Posts Tagged ‘Spice Islands’

Spice IslandsSo here we are in the first half of the 1500’s and our story centers around the Spice Islands.  We have the Portuguese, the Spanish and the French on stage, with the British and the Dutch soon to make their entrance.  Not far to the south, still shrouded in mystery, is the Great Southern Land hidden by what we know today as Papua New Guinea.

So what draws these European’s to this far away group of islands?

Spices of course. Spices such as cloves, nutmeg and mace among others. All of these grew on a number of volcanic islands of the Moluccas; now the known as the Maluku Province – a part of the modern day nation of Indonesia.  Highly valued and highly priced, they have been traded with distant Europe since Roman times.

Archaeology points to these Islands having contact with such far away lands as the Indian subcontinent since at least 200BC. By the time Europe reaches the islands directly, trade involves a web of Chinese and Muslim interests – all keenly aware of the profits to be made.  And profits there were. Spices reaching Europe would be marked up by around 1000%.

Not bad business, despite the distance and risks!

In  1511 Afonso de Albuquerque defeats the last Sultan of Malacca and drives him from the city thus ending around 100 years of Sultinate rule and providing a base for Portuguese (and Christian) expansion across the island group.  Soon the Banda Islands are located and sailed for with profits clearly in mind (the only known source of nutmeg and mace).

Nutmed & ClovesSo commences the Portuguese establishment of forts and trading stations throughout the islands and the European battle for “spicery”.

So why not add just a dash of Spanish, Dutch and English to this “spicy” dish of history…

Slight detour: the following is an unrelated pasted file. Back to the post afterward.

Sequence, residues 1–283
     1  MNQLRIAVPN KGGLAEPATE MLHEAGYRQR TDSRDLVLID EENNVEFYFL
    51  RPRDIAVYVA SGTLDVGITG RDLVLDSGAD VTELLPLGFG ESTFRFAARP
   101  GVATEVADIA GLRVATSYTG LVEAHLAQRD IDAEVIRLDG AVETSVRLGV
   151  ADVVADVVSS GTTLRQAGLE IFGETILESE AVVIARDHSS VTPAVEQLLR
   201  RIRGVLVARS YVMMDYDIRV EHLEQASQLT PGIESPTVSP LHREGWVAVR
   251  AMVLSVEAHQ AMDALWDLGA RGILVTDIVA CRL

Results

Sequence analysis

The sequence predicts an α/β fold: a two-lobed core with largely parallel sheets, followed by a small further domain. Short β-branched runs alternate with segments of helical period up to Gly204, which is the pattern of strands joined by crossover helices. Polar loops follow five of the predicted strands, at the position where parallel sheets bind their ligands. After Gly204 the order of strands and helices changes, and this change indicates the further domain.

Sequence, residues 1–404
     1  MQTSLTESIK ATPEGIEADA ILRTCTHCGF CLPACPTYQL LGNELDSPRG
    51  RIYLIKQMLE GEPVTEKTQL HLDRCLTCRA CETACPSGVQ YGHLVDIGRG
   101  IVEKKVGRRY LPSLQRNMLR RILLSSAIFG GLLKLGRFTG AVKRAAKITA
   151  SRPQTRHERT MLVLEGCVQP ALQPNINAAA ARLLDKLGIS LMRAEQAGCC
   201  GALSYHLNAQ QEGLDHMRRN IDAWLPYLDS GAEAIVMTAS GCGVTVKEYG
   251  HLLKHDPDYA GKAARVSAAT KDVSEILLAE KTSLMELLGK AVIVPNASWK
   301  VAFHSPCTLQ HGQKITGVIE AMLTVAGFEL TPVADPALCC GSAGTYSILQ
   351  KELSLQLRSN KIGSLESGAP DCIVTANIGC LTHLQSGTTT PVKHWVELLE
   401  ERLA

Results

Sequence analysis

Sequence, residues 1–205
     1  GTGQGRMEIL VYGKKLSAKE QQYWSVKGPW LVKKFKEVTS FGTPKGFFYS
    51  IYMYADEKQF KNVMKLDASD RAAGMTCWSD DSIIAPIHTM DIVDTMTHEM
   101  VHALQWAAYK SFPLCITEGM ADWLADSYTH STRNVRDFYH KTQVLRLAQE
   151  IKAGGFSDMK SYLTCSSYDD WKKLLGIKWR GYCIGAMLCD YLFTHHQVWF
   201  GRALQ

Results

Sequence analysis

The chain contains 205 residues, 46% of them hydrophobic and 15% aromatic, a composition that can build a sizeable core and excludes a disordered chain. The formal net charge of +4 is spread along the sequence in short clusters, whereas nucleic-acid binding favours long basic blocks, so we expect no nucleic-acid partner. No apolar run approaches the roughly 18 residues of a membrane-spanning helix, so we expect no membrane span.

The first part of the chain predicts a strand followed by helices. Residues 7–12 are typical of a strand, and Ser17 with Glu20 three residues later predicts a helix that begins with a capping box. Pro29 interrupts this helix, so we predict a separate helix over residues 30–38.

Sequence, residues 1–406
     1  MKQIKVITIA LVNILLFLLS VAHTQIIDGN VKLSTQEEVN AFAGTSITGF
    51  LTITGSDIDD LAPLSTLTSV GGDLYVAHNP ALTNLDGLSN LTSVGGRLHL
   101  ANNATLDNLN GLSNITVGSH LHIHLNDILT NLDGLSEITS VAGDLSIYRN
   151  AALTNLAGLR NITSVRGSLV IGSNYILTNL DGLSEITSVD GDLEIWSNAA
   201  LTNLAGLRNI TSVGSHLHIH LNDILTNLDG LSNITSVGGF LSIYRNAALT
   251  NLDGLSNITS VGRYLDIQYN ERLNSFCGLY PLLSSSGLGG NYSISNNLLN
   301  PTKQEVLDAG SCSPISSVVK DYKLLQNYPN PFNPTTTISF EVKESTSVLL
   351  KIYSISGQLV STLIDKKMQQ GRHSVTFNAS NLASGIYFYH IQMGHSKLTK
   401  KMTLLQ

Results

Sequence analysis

But one thing is clear, it is not the spirit of adventure that is driving this story forward. It is  the naked quest for profit, driven by greed and avarice…. so disappointing really…


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The Victoria

With their East African and Indian positions established the Portuguese continue to the east, past India reaching Sumatra, Borneo, the Celebes, Java and then the Spice Islands (Moluccas). It is 1511 in our voyage of discovery.

However, the Spanish are not idle. Following the discovery of America by Columbus, they are pushing their explorations westward at the same time.

Enter Magellan, who presents his plan to the Spanish King Charles V of a westerly trip to reach Asia and the Spice Islands (a voyage previously rejected by the Portuguese King). It is accepted and he sets off with five ships in 1519. This trip results in the first circumnavigation of the globe (albeit at the cost of three of the ships, Magellan himself and the majority of his crew).

Magellan’s expedition reaches the vicinity of the Spice Islands (with well established Portuguese trade and trading establishments) and commences a dispute over their respective “spheres of influence”. Some years prior Pope Alexander VI.  had arbitrated an agreement between each party generously bestowing one-half of the undiscovered world upon the Spanish, and the other half upon the Portuguese (Treaty of Tordesillas). As luck would have it however, the claims overlap at the valuable Spice Islands.

This come to a head when the surviving ships of Magellan’s fleet reach the Moluccas in 1521. The Spanish claim that these islands are within its own hemisphere. The Portuguese disagree.  Inevitable conflict begins between the two.

Nova GuineaThen in 1527, Fernand Cortez, the conqueror of Mexico, sends an armed fleet from New Spain led by Alvaro de Saavedra. On leaving the Spice Islands, well laden with goods, he runs many leagues along the Northern Coast of New Guinea.

Around the same time, Jorge de Menezes from Portugal pulls his ship to the shore of New Guinea to wait out a fierce storm. He names where he stops Ilhas dos Papuas .

By 1530 both Spain and Portugal  were as close as Papua New Guinea…and the British and Dutch were still yet to come…

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